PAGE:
OIG Releases Revised Provider Self-Disclosure Protocol

In Uncategorized on August 27, 2013 at 6:18 pm

The Department of Health and Human Services, Office of Inspector General (OIG) recently released a revised  Provider Self-Disclosure Protocol, updating the earlier version originally released in 1998 (see the following link:  https://oig.hhs.gov/compliance/self-disclosure-info/files/Provider-Self-Disclosure-Protocol.pdf).

Providers who wish to voluntarily disclose “self-discovered evidence of potential fraud to OIG may do so under the Provider Self-Disclosure Protocol (SDP).”  Self-disclosure does not absolve a provider of responsibility for potential fraud, but it does provide the opportunity for health professionals to avoid some of the costs associated with civil or administrative litigation.

In releasing the update, the OIG stated, “OIG endeavors to work cooperatively with providers who are forthcoming, thorough, and transparent in their disclosures in resolving these matters. While OIG does not speak for the Department of Justice or other agencies, OIG consults with those agencies, as appropriate, regarding the resolution of SDP matters.”

In 1998, the OIG published the original Provider Self-Disclosure Protocol to establish a process for health care providers to voluntarily identify, disclose, and resolve instances of potential fraud involving the Federal health care programs. The SDP was crafted to provide guidance on how to investigate this conduct, quantify damages, and report the conduct to OIG to resolve the provider’s liability under civil monetary penalty (CMP) authority.

Since the original Self-Disclosure Protocol was published, the OIG has identified several areas where additional guidance would be beneficial and could improve the efficient resolution of SDP matters. On the basis of the agencies experience and comments received from the public over the years, the OIG decided to revise the SDP in its entirety.

The new Protocol supersedes and replaces the 1998 Federal Register Notice and the associated “Open Letters” that have served to provide additional guidance to providers.

CMS Will Deny Enrollment Applications When Outstanding Overpayment Exists

In Uncategorized on August 23, 2013 at 7:16 pm

Effective October 1, 2013, any providers or owners of provider-entities having an existing or delinquent overpayment that has not been repaid in full at the time of the enrollment application or change of ownership filing may be denied that new enrollment or change of ownership until that overpayment has been addressed. 

Upon receipt of the CMS enrollment forms (855A, 855B or 855S application), the Medicare Contractor will determine – whether any of the owners listed in Section 5 or 6 of the application has an existing or delinquent Medicare overpayment.  Upon receipt of a CMS-855I application, the Medicare Contractor will determine whether the physician or non-physician practitioner has an existing or delinquent Medicare overpayment.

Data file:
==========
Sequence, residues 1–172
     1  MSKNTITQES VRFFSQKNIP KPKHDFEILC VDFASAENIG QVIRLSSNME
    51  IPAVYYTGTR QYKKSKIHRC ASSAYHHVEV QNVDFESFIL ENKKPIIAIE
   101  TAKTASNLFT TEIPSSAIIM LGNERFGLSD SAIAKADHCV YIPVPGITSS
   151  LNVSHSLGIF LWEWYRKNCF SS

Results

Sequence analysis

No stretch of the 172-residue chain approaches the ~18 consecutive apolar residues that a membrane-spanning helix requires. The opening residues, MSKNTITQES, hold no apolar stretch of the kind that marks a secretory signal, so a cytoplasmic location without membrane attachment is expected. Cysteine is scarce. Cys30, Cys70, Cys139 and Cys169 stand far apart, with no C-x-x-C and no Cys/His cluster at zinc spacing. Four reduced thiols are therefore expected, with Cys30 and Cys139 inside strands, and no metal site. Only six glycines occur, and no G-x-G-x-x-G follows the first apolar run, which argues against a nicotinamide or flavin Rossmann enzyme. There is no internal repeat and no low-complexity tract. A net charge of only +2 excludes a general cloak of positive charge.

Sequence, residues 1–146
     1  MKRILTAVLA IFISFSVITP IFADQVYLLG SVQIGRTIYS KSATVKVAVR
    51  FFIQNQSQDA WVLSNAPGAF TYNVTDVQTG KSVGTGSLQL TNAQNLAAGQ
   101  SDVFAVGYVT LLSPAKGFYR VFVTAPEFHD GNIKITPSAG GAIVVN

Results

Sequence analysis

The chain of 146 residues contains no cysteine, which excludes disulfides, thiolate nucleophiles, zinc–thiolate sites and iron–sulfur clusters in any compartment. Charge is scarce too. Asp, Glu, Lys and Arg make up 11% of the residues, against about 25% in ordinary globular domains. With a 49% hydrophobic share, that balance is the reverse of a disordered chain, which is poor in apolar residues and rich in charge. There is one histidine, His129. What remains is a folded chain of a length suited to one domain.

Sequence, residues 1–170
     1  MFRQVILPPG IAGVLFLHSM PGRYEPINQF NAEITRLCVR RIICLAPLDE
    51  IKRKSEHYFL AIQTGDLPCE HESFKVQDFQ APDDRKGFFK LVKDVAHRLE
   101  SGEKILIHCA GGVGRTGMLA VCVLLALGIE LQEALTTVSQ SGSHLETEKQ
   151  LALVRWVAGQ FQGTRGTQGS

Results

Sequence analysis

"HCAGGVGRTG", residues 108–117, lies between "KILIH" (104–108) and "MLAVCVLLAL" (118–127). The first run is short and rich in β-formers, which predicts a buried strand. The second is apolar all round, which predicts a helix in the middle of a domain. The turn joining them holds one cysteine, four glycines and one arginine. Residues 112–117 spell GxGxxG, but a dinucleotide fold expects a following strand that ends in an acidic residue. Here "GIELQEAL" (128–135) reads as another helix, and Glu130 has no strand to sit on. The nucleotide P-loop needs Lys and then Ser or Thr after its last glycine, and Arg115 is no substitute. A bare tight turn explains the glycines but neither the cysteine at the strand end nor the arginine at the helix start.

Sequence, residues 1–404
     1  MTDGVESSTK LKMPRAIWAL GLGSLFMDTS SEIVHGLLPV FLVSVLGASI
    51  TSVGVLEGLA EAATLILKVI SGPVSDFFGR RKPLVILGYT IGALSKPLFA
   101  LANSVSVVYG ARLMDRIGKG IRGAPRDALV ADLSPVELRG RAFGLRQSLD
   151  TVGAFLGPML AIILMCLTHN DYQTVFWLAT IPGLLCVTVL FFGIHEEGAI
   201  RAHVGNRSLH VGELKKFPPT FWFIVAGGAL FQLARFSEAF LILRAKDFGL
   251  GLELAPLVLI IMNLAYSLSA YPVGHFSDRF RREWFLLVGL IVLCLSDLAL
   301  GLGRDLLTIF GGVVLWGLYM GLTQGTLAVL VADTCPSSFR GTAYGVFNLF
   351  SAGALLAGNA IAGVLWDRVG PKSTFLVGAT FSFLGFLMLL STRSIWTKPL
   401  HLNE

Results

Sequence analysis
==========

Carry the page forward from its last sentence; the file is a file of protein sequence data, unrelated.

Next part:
If an owner, physician, or non-physician practitioner has such an overpayment, the contractor shall deny the application, using 42 CFR 424.530(a)(6) as the basis. The denial shall be issued regardless of:

  • Whether the person or entity is on a Medicare-approved plan of repayment or payments are currently being offset:
    • Whether the overpayment is currently being appealed
    • The reason for the overpayment

For now this rule applies only to initial enrollments and new owners in a CHOW, not revalidations or updates to current enrollments.  Note also that if the Medicare Contractor determines that the overpayment existed at the time the application was filed, but the debt was paid in full by the time the contractor performed its review, the contractor will not deny the application because of that overpayment.

Multiple Fee Schedules – Good or Bad?

In Uncategorized on August 23, 2013 at 6:37 pm

A client recently asked M.E.D.I.C., Inc. about the legality and viability of implementing multiple fee schedules – each tailored to a specific carrier allowable, so as to reduce the appearance uncollectible AR in reports.  I thought that perhaps other clients and non-client providers may have considered this as well, and would thus be interested in this information.  For the reasons outlined below, I believe that it is preferable for a medical practice to maintain only one fee schedule.

As an initial matter, it is fairly common knowledge that a practice cannot bill Medicare a fee that is more than the fee billed to other carriers.  Medicare’s guidance on this is not crystal clear, however the rules do say are that a providers’ fee may not be “substantially in excess” of their “regular fee” (or “usual and customary” fee) for the same service(s).  Translation: if a providers’ fees to Medicare exceed their fee for the same service more than some unstated amount, or more often than ‘occasionally’, then that practice would be violating Medicare’s rule.  The premise is that if a provider charges less to other carriers, then that provider’s regular or usual and customary fee is in fact that lower fee.